Directors: A director makes all of the main artistic decisions before and during the rehearsals for a show. They have to organise and manage to bring about a unified vision in the form of the finished production.
The Audience Contract
Different audience contracts can effect what actors need to do to attract the different types of audience. With ticket buyers they intend to see the performance and have chosen themselves to come and see the show, likely due to the fact that they have a pre-existing interest. They are more likely people who are used to going to the theatre and have a cultural understanding of the way theatre works.
With passers-by they could be anyone so we don’t know their cultural understanding of theatre. In fact a lot of passers-by may not have seen much or any theatre at all before. This means that when performing for passers-by you have to remember that could be any one so you have to try to appeal to everyone and cater for the ‘lowest common denominator’. This means making sure the content of the performance is appropriate, for an example young children may not cope well if something is too scary, violent or complex. As well as this, with passers-by you can’t assume that they are interested in theatre and will want to stop and see the performance. They haven’t made a prior agreement to see the show like ticket holders do. This means that when performing street theatre it is important to engage the audience and make the work visually appealing so that you can capture attention and build interest for the piece and theatre in general. Passers-by can also leave at any time because they again have no prior agreement to see the performance, meaning the performance needs to be entertaining and the right length of show to keep its audience.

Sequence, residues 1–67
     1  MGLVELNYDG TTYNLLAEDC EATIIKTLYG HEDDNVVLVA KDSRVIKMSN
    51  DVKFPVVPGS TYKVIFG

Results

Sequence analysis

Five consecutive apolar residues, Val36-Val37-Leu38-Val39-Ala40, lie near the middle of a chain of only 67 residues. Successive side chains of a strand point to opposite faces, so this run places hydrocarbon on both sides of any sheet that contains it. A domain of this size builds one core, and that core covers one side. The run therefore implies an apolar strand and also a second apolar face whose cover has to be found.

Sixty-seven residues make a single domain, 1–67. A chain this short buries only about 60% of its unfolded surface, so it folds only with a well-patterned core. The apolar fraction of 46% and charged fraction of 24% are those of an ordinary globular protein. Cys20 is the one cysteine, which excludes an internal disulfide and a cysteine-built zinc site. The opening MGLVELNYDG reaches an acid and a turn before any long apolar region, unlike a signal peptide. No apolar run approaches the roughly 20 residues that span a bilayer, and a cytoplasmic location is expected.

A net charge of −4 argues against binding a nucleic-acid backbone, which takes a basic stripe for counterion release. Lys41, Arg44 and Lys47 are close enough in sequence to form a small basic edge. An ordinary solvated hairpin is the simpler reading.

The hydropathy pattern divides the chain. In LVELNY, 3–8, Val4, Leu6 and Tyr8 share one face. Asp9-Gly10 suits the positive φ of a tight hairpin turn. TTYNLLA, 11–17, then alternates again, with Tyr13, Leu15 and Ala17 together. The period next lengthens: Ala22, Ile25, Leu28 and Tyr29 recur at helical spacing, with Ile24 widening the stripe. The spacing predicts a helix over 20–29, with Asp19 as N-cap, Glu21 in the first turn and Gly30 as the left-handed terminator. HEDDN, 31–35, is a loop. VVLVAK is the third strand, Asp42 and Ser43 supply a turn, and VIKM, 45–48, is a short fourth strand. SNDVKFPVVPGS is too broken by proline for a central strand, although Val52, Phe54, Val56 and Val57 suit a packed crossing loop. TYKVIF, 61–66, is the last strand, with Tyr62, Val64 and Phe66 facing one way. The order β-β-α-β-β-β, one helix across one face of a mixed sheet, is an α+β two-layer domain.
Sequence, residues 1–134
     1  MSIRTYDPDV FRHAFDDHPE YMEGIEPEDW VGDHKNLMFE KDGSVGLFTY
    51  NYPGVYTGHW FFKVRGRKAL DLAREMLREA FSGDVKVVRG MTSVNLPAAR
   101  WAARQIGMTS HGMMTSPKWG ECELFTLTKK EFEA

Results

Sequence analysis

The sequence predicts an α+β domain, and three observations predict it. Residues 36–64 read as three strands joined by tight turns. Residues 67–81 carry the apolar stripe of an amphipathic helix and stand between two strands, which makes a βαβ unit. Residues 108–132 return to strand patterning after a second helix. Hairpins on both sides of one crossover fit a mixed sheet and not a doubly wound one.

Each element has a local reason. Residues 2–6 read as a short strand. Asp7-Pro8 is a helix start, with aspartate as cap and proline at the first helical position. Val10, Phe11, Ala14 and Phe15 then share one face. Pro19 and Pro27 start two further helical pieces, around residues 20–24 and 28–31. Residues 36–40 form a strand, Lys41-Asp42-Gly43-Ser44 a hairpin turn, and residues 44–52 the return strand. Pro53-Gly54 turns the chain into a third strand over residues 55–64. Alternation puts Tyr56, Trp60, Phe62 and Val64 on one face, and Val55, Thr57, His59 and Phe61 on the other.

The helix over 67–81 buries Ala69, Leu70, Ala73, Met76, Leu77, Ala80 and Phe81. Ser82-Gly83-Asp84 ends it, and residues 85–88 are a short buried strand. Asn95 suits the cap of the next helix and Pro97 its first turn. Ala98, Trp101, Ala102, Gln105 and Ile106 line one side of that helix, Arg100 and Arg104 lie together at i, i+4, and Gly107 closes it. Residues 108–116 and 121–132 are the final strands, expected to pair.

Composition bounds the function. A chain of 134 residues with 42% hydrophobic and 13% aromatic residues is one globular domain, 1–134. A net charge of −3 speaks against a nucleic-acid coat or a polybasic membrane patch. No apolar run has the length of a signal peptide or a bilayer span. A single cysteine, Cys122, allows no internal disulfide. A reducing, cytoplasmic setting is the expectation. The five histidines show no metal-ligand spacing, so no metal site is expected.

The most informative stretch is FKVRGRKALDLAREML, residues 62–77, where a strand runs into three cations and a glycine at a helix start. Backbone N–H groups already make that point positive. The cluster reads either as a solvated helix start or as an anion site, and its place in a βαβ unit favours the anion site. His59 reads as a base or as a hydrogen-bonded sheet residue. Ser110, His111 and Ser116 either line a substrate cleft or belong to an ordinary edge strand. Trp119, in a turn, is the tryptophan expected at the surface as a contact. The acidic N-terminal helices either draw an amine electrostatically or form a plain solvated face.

Captive Audience are those who have no choice but to attend. Their contract is completely different as they don’t get a say in attending and often is because it’s a required course. They also may have the cultural deprivation when it comes to theatre so again the content needs to be accessible to everyone. Even though they are required to be there, it is still important that they are engaged and entertained so that hopefully the message of the performance is still gotten across. This can be harder with a captive audience as some captive audiences don’t really want to be there. An example of a captive audience would be children at a school if the school says they are going to watch a performance.